Important Funding Lessons from a Successful Startup Founder





Funding Lessons

Startup fundraising is a long and arduous process. There’s just no way around it. Even for those startups with big names and help from major incubators, there’s always a lot of time and hard work involved.

Aihui Ong, founder and CEO of Love With Food, a startup that helps food companies with brand awareness, learned that funding lesson the hard way. A graduate of the 500 Startups accelerator program, Ong thought that raising startup capital might be a simple task.

She did manage to raise $650,000. But it certainly wasn’t easy. She writes in a recent Forbes post:

“If you think fundraising was a piece of cake because we were a 500 alum, think again. In fact those three months were painful and filled with discouragement. They were physically exhausting. And along the way, I constantly had to battle my own thoughts that I was a failure. I had to defend myself against others’ doubts that I couldn’t succeed because I didn’t have an Ivy League education or wasn’t qualified in other ways to run a startup. I was at the brink of giving up countless times.”

Ong also offered up some funding lessons and tips for other startups who want to try several different avenues for finding investors:

  1. Get your company on the Angel List.
  2. Be flexible and willing to meet with investors whenever they’re available.
  3. Reach out to your network to find connections with potential investors.
  4. Follow up with updates, such as thank you notes after meetings.
  5. Email potential investors once a week and keep track of their responses.
  6. Reach out to current investors to see if they can help you make other connections.
  7. Talk to the press at any opportunity.
  8. Wear your company T-shirt, or show off your company pride in any way possible.

There’s no one right way to find investors for your startup. In fact, there are likely several right ways, as Ong’s list shows. If you try one method and don’t get the results you were hoping for, keep trying other options until you get where you need to be.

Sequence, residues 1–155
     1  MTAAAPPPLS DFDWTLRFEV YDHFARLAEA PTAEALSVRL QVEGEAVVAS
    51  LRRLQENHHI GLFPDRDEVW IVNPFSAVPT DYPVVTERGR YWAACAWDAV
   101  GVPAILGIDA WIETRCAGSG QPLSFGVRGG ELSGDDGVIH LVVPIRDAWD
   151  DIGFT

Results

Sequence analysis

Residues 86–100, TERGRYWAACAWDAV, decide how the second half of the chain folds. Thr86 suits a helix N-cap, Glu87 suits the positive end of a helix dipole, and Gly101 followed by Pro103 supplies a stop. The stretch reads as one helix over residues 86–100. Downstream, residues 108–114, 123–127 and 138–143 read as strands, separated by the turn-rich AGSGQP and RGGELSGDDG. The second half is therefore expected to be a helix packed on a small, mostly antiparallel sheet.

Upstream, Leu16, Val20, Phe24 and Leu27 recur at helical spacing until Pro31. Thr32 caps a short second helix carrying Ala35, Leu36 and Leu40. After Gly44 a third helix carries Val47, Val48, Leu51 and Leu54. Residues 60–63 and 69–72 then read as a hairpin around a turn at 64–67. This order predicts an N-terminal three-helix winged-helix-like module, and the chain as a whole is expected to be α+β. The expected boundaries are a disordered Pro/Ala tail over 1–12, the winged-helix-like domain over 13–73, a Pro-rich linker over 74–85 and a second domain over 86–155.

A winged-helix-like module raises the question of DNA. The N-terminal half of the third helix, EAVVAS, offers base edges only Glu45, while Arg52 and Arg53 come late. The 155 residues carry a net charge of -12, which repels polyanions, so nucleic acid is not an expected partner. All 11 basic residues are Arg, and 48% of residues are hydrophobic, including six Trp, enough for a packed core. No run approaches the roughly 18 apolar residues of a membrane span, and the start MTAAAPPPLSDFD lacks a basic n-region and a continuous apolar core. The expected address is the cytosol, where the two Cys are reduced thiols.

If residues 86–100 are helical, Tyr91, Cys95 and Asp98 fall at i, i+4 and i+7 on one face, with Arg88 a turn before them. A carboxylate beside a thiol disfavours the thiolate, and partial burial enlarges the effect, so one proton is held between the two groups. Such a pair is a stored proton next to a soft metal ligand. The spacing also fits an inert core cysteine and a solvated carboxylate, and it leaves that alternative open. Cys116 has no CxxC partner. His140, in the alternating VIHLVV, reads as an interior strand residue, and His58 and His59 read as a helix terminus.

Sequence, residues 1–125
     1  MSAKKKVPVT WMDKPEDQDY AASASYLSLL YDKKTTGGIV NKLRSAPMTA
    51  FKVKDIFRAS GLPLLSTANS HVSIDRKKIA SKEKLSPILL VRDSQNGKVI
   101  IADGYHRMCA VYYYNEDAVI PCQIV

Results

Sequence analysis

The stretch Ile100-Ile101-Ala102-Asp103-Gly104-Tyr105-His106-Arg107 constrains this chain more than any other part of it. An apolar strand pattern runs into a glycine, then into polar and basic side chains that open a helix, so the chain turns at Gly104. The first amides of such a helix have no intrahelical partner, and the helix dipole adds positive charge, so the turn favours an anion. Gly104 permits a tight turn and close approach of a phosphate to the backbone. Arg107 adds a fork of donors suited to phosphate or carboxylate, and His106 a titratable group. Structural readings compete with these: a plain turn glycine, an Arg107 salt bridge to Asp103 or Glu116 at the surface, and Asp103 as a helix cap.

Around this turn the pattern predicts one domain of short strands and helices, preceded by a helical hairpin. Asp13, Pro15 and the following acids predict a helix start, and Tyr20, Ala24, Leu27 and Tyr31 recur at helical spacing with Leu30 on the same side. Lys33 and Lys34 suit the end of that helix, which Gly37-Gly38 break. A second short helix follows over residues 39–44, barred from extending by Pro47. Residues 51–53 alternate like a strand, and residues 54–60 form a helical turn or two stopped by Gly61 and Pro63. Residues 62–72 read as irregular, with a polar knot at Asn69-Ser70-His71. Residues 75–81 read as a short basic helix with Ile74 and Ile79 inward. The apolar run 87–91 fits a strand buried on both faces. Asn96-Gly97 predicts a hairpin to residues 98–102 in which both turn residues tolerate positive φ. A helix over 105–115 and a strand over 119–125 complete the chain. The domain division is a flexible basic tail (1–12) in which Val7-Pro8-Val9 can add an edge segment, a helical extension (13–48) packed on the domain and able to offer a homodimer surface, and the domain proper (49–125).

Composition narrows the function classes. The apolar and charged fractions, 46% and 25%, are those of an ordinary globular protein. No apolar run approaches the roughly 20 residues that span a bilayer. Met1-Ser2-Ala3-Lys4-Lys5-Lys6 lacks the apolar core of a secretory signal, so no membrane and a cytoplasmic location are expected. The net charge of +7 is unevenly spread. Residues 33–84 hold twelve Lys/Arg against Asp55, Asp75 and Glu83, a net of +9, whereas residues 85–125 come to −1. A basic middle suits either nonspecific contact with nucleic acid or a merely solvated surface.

It likely won’t be quick or easy, no matter what your background is. But if you really want your startup to succeed, you have to be willing to put in the time and hard work to get it funded.



Image: Love with Food 5 Comments ▼



Annie Pilon Annie Pilon is a Senior Staff Writer for Small Business Trends, covering entrepreneur profiles, interviews, feature stories, community news and in-depth, expert-based guides. When she’s not writing she can be found on her personal blog Wattlebird, and exploring all that her home state of Michigan has to offer.

5 Reactions
  1. Whenever I read about these experience I really question if the system is broken. The investors need the entrepreneurs as much as the entrepreneurs need them (otherwise how will they get their obscene financial gains?) but the balance of power is nowhere near equal. I love crowdfunding because it levels this power dynamic for startups.

    • Yes, there are a lot of different options for startups now. It’s great to see this kind of shift, and it might even end up impacting traditional investors.

  2. Yes. They make it look easy. But it is really far from the truth. Fundraising is not as easy as just getting your product or service out there and waiting for people to buy it. You also need to promote your business to potential funders – if you know what I mean. Also, the idea must be so good that they would not be able to resist it.

  3. Hi Annie,

    Very realistic story. I expected it to be hard!

    But that fact that Aihui Ong still came out fighting (even though at times she wanted to quit) it goes to show what consistency and hard can really achieve!

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